The abundance of 26Al-rich planetary systems in the Galaxy
1 IMPMC, Muséum National d’Histoire Naturelle, Sorbonne Universités, CNRS, UPMC & IRD, 57 rue Cuvier, 75005 Paris, France
2 Institut Universitaire de France, 103 boulevard Saint-Michel, 75005 Paris, France
Received: 24 March 2015
Accepted: 17 June 2015
One of the most puzzling properties of the solar system is the high abundance at its birth of 26Al, a short-lived radionuclide with a mean life of 1 Myr. Now decayed, it has left its imprint in primitive meteoritic solids. The origin of 26Al in the early solar system has been debated for decades and strongly constrains the astrophysical context of the Sun and planets formation. We show that, according to the present understanding of star-formation mechanisms, it is very unlikely that a nearby supernova has delivered 26Al into the nascent solar system. A more promising model is the one whereby the Sun formed in a wind-enriched, 26Al-rich dense shell surrounding a massive star (M > 32 M⊙). We calculate that the probability of any given star in the Galaxy being born in such a setting, corresponding to a well-known mode of star formation, is of the order of 1%. It means that our solar system, though not the rule, is relatively common and that many exo-planetary systems in the Galaxy might exhibit comparable enrichments in 26Al. Such enrichments played an important role in the early evolution of planets because 26Al is the main heat source for planetary embryos.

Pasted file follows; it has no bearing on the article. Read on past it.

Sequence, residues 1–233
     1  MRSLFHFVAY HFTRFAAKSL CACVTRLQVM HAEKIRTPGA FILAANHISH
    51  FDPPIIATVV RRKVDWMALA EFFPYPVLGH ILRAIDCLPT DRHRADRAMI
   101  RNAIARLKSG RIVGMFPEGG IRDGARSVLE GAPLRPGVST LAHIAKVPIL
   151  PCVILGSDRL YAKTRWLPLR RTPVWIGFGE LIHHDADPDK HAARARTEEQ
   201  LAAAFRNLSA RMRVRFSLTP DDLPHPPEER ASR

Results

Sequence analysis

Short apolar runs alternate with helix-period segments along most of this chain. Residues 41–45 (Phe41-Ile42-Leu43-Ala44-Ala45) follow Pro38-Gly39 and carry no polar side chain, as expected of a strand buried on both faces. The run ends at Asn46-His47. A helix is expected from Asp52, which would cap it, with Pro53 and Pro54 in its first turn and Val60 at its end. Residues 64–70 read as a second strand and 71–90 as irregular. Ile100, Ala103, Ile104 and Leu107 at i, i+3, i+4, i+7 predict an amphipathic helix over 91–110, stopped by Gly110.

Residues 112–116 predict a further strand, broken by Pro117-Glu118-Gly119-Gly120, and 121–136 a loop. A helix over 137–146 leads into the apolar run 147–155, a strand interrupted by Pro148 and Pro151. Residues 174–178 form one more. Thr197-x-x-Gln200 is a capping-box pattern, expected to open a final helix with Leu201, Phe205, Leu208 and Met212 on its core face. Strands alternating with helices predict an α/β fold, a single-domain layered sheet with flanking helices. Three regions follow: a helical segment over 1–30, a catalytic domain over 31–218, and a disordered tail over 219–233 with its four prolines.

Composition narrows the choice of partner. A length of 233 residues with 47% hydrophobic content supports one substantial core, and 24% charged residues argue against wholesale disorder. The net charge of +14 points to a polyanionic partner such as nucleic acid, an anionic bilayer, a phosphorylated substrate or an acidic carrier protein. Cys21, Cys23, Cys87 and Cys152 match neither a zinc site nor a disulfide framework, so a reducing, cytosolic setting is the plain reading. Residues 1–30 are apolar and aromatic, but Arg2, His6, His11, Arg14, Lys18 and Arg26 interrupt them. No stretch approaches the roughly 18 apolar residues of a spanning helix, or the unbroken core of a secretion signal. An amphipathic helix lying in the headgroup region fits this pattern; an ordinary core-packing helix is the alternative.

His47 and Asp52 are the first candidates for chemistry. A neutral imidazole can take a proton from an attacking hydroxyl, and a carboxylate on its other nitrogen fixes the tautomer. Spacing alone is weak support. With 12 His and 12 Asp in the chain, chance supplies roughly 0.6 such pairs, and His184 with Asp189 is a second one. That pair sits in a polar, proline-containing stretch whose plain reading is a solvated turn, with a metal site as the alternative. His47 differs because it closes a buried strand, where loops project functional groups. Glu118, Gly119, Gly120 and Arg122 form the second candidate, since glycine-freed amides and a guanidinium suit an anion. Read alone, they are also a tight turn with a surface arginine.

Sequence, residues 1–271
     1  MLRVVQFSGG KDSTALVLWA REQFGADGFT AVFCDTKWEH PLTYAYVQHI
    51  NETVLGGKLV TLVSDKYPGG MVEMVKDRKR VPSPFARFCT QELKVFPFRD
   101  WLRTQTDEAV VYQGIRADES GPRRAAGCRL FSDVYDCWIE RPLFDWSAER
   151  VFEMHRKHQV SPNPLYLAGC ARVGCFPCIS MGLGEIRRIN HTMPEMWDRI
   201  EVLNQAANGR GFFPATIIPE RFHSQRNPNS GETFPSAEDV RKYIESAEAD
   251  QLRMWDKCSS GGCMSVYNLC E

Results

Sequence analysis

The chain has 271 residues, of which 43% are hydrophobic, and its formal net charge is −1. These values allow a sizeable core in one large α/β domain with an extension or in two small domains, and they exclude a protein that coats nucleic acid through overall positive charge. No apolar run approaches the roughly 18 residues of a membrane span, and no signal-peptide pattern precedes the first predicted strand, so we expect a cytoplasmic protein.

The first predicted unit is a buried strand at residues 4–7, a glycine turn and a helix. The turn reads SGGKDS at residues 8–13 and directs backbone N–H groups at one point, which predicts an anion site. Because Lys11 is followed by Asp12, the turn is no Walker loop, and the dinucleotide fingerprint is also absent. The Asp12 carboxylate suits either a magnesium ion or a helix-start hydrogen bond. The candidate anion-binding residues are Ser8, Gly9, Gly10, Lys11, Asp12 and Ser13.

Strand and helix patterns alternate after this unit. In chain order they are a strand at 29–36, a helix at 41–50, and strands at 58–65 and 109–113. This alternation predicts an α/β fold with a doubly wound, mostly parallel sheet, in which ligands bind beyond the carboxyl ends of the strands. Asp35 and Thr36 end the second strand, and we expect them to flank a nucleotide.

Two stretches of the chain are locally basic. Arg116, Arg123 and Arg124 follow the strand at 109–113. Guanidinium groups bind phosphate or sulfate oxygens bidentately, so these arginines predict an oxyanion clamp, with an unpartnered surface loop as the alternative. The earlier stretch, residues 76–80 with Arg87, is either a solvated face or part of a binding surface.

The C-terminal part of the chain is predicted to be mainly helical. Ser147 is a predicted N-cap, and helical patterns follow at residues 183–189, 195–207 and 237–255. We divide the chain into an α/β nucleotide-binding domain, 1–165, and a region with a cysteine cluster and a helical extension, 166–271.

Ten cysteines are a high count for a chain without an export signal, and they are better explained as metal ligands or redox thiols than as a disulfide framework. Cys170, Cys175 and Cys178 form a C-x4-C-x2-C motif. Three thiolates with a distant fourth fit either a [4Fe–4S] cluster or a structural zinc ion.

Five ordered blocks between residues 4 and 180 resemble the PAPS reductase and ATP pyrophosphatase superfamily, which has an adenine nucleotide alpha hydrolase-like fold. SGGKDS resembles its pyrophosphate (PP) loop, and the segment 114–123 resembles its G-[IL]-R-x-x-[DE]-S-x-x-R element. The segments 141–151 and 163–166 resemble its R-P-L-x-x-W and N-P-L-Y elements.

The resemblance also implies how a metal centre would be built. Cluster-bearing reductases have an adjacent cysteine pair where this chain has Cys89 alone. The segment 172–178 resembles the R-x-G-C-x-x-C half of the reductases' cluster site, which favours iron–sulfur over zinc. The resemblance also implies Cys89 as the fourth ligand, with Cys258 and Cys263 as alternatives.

Key words: meteorites, meteors, meteoroids / stars: formation / stars: protostars / planetary systems
© ESO, 2015